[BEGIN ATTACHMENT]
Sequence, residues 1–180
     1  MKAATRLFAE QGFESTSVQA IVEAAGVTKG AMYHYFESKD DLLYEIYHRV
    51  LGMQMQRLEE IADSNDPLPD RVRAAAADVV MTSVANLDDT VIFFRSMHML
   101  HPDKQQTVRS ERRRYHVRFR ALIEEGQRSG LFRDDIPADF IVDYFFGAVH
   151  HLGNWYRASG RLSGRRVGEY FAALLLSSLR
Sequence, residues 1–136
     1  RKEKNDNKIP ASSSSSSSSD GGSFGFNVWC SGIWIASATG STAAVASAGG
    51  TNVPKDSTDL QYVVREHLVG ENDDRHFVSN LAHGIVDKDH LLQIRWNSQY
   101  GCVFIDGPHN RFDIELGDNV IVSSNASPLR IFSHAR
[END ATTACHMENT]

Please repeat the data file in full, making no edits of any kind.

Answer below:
Sequence, residues 1–180
     1  MKAATRLFAE QGFESTSVQA IVEAAGVTKG AMYHYFESKD DLLYEIYHRV
    51  LGMQMQRLEE IADSNDPLPD RVRAAAADVV MTSVANLDDT VIFFRSMHML
   101  HPDKQQTVRS ERRRYHVRFR ALIEEGQRSG LFRDDIPADF IVDYFFGAVH
   151  HLGNWYRASG RLSGRRVGEY FAALLLSSLR
Sequence, residues 1–136
     1  RKEKNDNKIP ASSSSSSSSD GGSFGFNVWC SGIWIASATG STAAVASAGG
    51  TNVPKDSTDL QYVVREHLVG ENDDRHFVSN LAHGIVDKDH LLQIRWNSQY
   101  GCVFIDGPHN RFDIELGDNV IVSSNASPLR IFSHAR